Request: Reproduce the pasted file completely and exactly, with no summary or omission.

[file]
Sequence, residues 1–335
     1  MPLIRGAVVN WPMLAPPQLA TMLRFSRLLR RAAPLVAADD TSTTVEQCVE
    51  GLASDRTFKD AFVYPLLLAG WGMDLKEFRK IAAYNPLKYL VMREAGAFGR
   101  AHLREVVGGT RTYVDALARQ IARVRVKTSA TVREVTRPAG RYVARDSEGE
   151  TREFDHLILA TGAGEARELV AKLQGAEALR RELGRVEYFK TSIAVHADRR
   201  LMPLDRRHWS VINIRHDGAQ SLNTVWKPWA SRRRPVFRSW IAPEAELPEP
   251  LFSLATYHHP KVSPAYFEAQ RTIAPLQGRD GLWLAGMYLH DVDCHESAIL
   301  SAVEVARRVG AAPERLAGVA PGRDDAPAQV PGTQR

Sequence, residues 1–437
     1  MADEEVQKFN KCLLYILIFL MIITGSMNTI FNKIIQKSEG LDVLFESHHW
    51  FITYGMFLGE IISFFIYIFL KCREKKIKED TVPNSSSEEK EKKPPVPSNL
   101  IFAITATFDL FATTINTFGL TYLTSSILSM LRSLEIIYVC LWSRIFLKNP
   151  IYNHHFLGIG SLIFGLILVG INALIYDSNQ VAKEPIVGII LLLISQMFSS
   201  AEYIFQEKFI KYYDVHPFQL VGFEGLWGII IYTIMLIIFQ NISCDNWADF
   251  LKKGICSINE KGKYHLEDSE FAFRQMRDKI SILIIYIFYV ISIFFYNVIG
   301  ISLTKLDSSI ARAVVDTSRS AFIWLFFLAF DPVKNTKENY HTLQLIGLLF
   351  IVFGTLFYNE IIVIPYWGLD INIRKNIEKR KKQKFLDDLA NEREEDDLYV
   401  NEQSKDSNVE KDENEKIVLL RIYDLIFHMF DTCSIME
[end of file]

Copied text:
Sequence, residues 1–335
     1  MPLIRGAVVN WPMLAPPQLA TMLRFSRLLR RAAPLVAADD TSTTVEQCVE
    51  GLASDRTFKD AFVYPLLLAG WGMDLKEFRK IAAYNPLKYL VMREAGAFGR
   101  AHLREVVGGT RTYVDALARQ IARVRVKTSA TVREVTRPAG RYVARDSEGE
   151  TREFDHLILA TGAGEARELV AKLQGAEALR RELGRVEYFK TSIAVHADRR
   201  LMPLDRRHWS VINIRHDGAQ SLNTVWKPWA SRRRPVFRSW IAPEAELPEP
   251  LFSLATYHHP KVSPAYFEAQ RTIAPLQGRD GLWLAGMYLH DVDCHESAIL
   301  SAVEVARRVG AAPERLAGVA PGRDDAPAQV PGTQR

Sequence, residues 1–437
     1  MADEEVQKFN KCLLYILIFL MIITGSMNTI FNKIIQKSEG LDVLFESHHW
    51  FITYGMFLGE IISFFIYIFL KCREKKIKED TVPNSSSEEK EKKPPVPSNL
   101  IFAITATFDL FATTINTFGL TYLTSSILSM LRSLEIIYVC LWSRIFLKNP
   151  IYNHHFLGIG SLIFGLILVG INALIYDSNQ VAKEPIVGII LLLISQMFSS
   201  AEYIFQEKFI KYYDVHPFQL VGFEGLWGII IYTIMLIIFQ NISCDNWADF
   251  LKKGICSINE KGKYHLEDSE FAFRQMRDKI SILIIYIFYV ISIFFYNVIG
   301  ISLTKLDSSI ARAVVDTSRS AFIWLFFLAF DPVKNTKENY HTLQLIGLLF
   351  IVFGTLFYNE IIVIPYWGLD INIRKNIEKR KKQKFLDDLA NEREEDDLYV
   401  NEQSKDSNVE KDENEKIVLL RIYDLIFHMF DTCSIME